as

 

Gaborik vs. Semin: I am going to let you guys in on a little secret; I loathe Band-Aid Boys. What’s the use in owning a player who could, at any moment, spontaneously combust? Sure, anyone could go out for an extended period in today’s “Noggin Hurts League” but there is still something off-putting about knowing that there is a high probability a player will miss 20+ games. With Band-Aid Boys it is basically a coin flip. Heads you get Jekyll, tails you get Hyde.

 

My strategy to deal with Band-Aid Boys is to look for value. If a Band-Aid Boy falls too far in the draft or is getting sold for cheap then I like to treat them like a longshot bet. I invest on the cheap with say a mid or late pick knowing that if it pays off I have myself a golden ticket. If things go south, no harm done but if things go well then I start looking to hedge. Why? Because the difference between a gambler and an investor is that the investor consistently makes money. He makes the smart play. If there is value in a longshot then bet the longshot but the longshot can still fail. At a certain point it pays to hedge and guarantee a profit. You may not make yourself as much money (or in this case fantasy production) by hedging but you will prevent yourself from losing it all if your longshot eventually loses (or in this case gets hurt). Why get greedy hanging on for the huge payday when you can instead reward yourself with guaranteed (or as close to guaranteed as you can get in fantasy hockey) profit.

 

So how do we hedge in fantasy hockey? You probably know this as selling high. When a player over-performs his projected pace, you want to sell high before the market corrects itself. Similarly with Band-Aid Boys, if one stays healthy for a while you’ll want to sell him high and grab a more durable player or at the very least trade him for another long shot and then some.

 

Let us now look at two different Band-Aid Boys and evaluate how we should handle their situation. We’ve got Marian Gaborik vs. Alex Semin. I wouldn’t be surprised if one or both of them are hurt by the time you finish reading this Cage Match.

 

Let us first take a look at which one of these guys is the stronger asset, and more over, which one is the least fragile. Let us look to the patented three-year average chart with the caveat that we know these totals will be drastically low. They are Band-Aid Boys so these averages will include both Jekyll and Hyde. Rather than totals, focus on per-game averages. Here is the tale of the tape:

 

GP

Goals

Assists

Plus/Minus

PPP

PIM

SOG

Gaborik

51.7

25.7

26.7

Plus-8.7

16.3

19

177.3

Semin

66.7

34

38.3

Plus-27.6

25

71.3

232.3

 

It is really hard to argue for Gaborik here. We know that his Jekyll is among the best in the league but it is no better than Semin’s. They are pretty well even in terms of goals per game production.  Assists per game is close as well but favours Semin slightly. Plus/Minus definitely favours Semin. Recent trends may turn that around but more on that later. PPP is pretty even but also favours Semin. PIM goes to Semin by a landslide. SOG is pretty even as both guys have gone for about three and a half shots per game.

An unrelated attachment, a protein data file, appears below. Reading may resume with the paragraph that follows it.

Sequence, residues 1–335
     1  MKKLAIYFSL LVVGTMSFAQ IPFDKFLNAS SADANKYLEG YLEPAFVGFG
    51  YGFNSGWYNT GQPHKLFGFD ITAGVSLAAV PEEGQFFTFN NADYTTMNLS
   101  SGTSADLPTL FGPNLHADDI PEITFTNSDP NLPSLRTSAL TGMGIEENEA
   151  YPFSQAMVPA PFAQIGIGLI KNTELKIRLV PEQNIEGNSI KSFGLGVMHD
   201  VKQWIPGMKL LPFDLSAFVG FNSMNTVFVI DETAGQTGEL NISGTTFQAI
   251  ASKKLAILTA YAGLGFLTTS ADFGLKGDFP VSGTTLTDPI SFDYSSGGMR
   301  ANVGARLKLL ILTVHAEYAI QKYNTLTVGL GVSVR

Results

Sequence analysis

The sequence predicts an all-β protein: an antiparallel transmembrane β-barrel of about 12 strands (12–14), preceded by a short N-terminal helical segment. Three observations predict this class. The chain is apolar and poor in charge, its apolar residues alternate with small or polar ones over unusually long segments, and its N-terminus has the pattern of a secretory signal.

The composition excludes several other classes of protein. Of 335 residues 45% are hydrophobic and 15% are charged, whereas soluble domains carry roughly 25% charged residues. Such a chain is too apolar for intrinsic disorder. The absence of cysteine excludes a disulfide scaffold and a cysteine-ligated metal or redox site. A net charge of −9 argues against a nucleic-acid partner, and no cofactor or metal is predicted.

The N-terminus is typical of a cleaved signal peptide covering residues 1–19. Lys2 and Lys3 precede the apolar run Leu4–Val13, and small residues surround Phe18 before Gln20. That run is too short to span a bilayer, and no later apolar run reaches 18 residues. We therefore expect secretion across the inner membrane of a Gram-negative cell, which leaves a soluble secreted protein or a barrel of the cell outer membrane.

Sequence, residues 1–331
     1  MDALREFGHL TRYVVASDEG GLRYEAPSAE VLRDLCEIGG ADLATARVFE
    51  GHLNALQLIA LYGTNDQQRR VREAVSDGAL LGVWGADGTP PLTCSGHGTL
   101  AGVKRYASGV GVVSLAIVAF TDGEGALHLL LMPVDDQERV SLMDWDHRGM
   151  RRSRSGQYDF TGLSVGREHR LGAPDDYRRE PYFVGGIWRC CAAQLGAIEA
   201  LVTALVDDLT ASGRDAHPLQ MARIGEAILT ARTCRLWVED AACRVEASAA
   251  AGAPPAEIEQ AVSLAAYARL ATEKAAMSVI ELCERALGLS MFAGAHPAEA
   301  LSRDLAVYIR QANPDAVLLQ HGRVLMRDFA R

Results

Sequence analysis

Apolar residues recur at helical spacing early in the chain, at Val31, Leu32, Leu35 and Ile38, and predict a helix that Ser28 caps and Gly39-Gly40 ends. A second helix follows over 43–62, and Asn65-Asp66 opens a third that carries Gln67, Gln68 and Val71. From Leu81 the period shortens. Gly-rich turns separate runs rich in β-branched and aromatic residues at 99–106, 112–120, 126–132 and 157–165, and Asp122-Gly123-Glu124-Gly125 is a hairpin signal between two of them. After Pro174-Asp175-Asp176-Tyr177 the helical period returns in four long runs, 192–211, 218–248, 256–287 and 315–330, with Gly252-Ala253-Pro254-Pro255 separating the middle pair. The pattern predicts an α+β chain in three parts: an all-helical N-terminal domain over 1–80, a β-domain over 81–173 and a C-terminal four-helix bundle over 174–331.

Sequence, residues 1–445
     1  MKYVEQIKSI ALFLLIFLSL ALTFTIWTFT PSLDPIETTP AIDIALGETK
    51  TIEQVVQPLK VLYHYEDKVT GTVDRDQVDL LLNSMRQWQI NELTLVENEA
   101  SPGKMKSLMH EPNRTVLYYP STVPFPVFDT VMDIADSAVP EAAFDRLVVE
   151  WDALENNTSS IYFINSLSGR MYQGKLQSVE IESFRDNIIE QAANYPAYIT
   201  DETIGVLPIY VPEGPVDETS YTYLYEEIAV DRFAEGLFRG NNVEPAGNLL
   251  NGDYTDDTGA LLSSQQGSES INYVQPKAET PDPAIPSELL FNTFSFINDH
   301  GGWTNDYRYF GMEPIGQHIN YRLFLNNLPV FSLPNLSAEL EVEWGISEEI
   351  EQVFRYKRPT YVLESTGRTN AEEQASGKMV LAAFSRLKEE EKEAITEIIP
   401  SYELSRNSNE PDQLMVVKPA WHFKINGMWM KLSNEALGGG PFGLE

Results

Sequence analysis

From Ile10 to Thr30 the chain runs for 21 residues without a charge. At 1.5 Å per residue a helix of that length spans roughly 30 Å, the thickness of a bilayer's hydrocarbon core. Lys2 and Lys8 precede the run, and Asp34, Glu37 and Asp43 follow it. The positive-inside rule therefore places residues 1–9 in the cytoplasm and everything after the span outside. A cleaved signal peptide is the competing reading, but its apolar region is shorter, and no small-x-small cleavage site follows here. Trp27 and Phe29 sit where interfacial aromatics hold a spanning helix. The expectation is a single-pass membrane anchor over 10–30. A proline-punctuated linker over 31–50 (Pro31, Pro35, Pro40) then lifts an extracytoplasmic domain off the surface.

Where Semin really takes the cake however, is in games played. His Jekyll is every bit as good as Gaborik’s but his Hyde is nowhere near as volatile. Gaborik offers the threat of missing an entire season with absolutely no upside over Semin if he does play the full season.

 

The reality is that Gaborik’s wonky groin is a congenital issue that may never go away. Semin, on the other hand, is just soft. He will miss a game with a hangnail. I know which one I would prefer to have in my locker room but that has little to do with fantasy hockey. Semin’s lack of toughness is a detriment but up against a guy with perpetual injury woes of his own, Semin rules.

 

There is more to this story however. Semin’s numbers took a huge boost from the fact that the Capitals were the highest scoring team in the league over the 2008-09 and 2009-10 seasons. Last season the Capitals offense took a nosedive finishing 19th in scoring. Over that same period Gaborik’s teams finished 22nd, 16th and 16th respectively. This season the Capitals are ninth in scoring at 2.82 goals per game and trending upward. The Rangers are 10th at 2.80 goals per game and holding strong. Essentially, the playing field is even, which is important as we will now take a look at their scoring this season.

 

GP

Goals

Assists

Plus/Minus

PPP

PIM

SOG

Gaborik

43

23

12

Plus-10

9

16

140

Semin

39

11

13

Minus-1

5

42

83

 

It is pretty clear that this season Semin spent the first half in Hyde-mode. On this new-look, low-scoring Capitals team Semin shoots less, scores less and pilfers his teammates for fewer contributions to assists, plus/minus and PPP production. The only thing holding strong is his PIM production.

 

This means that the Cage Match is not the landslide it first appeared to be. Semin is thoroughly beaten in goals, and SOG. Assists are even and he is leading PIM but he is losing in both PPP and plus/minus. The latter two categories are far from conclusive though.

 

Semin dominated plus/minus on the three-year average breakdown. His team is trending upward and he should be back into the positives soon. Gaborik may have him beat for this season because of how strong the Rangers are playing but Semin is not a lost cause. Gaborik, however, has not been a minus-player since his rookie season and there is something to be said for that consistency. Give a slight edge to Gaborik in plus/minus for the time being.